We headed out for an evening wander and to grab some food from a cheap cafe. The next day we had to move to another room on a different floor as someone else was booked into our one for the remaining 3 nights. Not a problem, the room in fact was much better. It is amazing how so much stuff can fit into such a small place. In the bathroom you could shower, go to the toilet and clean your teeth all at the same time. Ingenious!

We spent the next 3 day sight seeing. Rob enjoyed his numerous Macdonalds breakfasts, much to my disgust considering we were in Hong Kong, but for him the thought of bacon and egg noodles for breakfast was not quite right.

The first day we headed north out of town on the super fast, clean, efficient railway to The Temple of Ten Thousand Buddas. To get to the temple we walked through a typical little village where stalls we selling all sorts of products and crafts and we then started the rather long climb up to the temple. There were hundreds of steps to the top. Rob decided to count the steps just to make sure the guide book was correct. The stairway was lined with gold buddas either side, each with a different pose, some holding beads and some holding bowls. Towards the top of the hill the smell of insence became more apparent. At the top there was a number of temple buildings and structures. The main one housed the ten thousand buddas. The buddads lined each wall of the temple some with messages stuck to the cabnet. A large budda was in the centre of the temple with all sorts of givings from the locals - bananas, money, apples, and sweets. We walked around the grounds, coughing on the thick smog of incense and watching people having lunch by the buddas. It was a great experience of our first temple.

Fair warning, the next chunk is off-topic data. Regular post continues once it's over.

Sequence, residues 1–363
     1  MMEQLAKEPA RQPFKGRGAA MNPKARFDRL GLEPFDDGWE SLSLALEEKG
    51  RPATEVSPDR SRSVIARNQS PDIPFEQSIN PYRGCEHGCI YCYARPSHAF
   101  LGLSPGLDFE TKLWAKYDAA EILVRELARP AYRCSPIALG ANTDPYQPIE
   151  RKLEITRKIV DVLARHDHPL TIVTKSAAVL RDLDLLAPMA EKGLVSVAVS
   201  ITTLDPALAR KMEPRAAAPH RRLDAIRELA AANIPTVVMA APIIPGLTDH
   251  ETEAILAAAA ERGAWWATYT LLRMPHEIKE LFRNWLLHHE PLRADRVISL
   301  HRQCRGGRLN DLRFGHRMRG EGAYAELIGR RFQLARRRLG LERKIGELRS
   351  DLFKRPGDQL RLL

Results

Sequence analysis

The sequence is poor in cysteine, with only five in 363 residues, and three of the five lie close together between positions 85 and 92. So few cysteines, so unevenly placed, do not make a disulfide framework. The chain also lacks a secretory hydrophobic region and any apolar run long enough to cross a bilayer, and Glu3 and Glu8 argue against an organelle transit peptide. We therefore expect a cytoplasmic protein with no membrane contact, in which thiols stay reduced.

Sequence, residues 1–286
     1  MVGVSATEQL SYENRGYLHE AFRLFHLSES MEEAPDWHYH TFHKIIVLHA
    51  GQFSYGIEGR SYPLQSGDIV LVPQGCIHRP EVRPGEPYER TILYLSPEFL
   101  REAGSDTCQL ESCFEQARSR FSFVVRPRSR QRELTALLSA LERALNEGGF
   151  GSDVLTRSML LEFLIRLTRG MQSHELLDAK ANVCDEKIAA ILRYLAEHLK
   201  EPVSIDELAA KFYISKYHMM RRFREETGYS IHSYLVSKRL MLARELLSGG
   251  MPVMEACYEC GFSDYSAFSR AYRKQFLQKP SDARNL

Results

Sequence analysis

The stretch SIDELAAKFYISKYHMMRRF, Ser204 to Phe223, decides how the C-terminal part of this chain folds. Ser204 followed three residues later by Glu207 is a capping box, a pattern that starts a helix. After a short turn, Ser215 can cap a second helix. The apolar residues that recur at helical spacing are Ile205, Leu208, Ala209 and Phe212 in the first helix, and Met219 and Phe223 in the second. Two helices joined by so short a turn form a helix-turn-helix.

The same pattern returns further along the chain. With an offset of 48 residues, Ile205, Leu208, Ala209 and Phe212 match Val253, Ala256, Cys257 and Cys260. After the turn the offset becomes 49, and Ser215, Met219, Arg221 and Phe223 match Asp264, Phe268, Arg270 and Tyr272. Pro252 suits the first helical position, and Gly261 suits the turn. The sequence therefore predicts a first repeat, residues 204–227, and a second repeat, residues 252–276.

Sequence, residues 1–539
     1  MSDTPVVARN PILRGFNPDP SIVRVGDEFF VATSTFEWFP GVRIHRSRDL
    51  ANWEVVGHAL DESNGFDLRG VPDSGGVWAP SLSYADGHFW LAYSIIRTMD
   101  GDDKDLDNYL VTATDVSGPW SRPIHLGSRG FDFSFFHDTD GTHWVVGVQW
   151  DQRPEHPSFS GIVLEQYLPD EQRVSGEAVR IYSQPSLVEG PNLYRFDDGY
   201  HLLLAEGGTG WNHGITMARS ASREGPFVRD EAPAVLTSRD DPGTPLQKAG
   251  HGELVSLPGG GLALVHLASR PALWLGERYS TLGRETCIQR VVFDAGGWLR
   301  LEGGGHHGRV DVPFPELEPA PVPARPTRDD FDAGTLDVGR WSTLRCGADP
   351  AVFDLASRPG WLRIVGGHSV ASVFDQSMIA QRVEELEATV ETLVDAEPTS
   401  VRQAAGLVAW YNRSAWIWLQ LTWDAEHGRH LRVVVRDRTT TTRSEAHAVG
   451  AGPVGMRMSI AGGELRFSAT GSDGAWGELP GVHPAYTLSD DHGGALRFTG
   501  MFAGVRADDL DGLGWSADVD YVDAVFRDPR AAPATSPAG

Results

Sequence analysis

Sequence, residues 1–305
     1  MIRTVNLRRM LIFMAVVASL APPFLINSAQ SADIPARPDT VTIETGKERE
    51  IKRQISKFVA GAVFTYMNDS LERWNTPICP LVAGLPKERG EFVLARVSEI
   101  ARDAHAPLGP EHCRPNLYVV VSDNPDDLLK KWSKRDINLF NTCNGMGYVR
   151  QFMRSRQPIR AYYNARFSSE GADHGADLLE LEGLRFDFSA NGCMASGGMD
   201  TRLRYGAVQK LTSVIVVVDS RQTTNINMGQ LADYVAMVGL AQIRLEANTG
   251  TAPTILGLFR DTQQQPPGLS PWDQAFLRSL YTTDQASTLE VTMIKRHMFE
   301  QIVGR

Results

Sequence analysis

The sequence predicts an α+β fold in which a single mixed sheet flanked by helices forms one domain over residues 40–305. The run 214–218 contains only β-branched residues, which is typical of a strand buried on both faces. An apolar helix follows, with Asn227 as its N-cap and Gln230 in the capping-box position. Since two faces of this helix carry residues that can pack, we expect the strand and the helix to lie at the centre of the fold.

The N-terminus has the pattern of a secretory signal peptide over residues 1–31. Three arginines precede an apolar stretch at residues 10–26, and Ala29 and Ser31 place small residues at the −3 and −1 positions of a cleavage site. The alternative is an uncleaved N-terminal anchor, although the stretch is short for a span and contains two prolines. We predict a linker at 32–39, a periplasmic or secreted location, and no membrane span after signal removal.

On our route back to the hostel we looked for somewhere to have lunch and walked down through Mong Kok and Nathan Road. Nathan Road is lined with numerous shops ranging from Gucci and Prada to the rather weird medicine shops selling dried bat and deer horns. The thousands of people and the extremely busy road meant you qued to cross the road while people tried to sell us the fake watches and bags all with the what bad become normal background noise of 'you want massage, follow me'!?

The second day we were up early and eager to get to Hong Kong island. We took a walk around the main centre and stared at many high rise buildings including the house of a thousand arse holes which is may favourite.


This was the first true sky scrapper in Hong Kong and the round windows and sleek simple design the buidling got its name. We took the lift upto the 43rd floor of the Bank of China. Rob stayed pretty close to the lift while I gazed down through the window on the busling city. This tower was supposidly built much taller and grander than the neighbouring HSBC bank!